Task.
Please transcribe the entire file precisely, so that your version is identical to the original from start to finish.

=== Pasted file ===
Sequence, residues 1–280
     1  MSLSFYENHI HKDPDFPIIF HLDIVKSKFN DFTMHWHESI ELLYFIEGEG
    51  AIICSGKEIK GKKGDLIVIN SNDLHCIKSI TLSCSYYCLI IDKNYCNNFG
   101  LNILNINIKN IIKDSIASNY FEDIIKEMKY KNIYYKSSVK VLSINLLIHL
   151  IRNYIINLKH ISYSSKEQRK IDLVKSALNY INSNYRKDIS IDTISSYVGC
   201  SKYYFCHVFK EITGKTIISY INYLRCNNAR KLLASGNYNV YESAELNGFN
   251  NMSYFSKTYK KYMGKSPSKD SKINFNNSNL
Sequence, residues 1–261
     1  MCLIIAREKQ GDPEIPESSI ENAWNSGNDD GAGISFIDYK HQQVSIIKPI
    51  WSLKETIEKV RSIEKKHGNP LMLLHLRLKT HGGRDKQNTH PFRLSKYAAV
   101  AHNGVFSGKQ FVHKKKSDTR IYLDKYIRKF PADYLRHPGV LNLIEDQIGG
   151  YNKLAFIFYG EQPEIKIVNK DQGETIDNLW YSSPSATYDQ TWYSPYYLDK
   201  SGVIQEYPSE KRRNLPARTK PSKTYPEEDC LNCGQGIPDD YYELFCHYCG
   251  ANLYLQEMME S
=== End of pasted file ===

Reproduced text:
Sequence, residues 1–280
     1  MSLSFYENHI HKDPDFPIIF HLDIVKSKFN DFTMHWHESI ELLYFIEGEG
    51  AIICSGKEIK GKKGDLIVIN SNDLHCIKSI TLSCSYYCLI IDKNYCNNFG
   101  LNILNINIKN IIKDSIASNY FEDIIKEMKY KNIYYKSSVK VLSINLLIHL
   151  IRNYIINLKH ISYSSKEQRK IDLVKSALNY INSNYRKDIS IDTISSYVGC
   201  SKYYFCHVFK EITGKTIISY INYLRCNNAR KLLASGNYNV YESAELNGFN
   251  NMSYFSKTYK KYMGKSPSKD SKINFNNSNL
Sequence, residues 1–261
     1  MCLIIAREKQ GDPEIPESSI ENAWNSGNDD GAGISFIDYK HQQVSIIKPI
    51  WSLKETIEKV RSIEKKHGNP LMLLHLRLKT HGGRDKQNTH PFRLSKYAAV
   101  AHNGVFSGKQ FVHKKKSDTR IYLDKYIRKF PADYLRHPGV LNLIEDQIGG
   151  YNKLAFIFYG EQPEIKIVNK DQGETIDNLW YSSPSATYDQ TWYSPYYLDK
   201  SGVIQEYPSE KRRNLPARTK PSKTYPEEDC LNCGQGIPDD YYELFCHYCG
   251  ANLYLQEMME S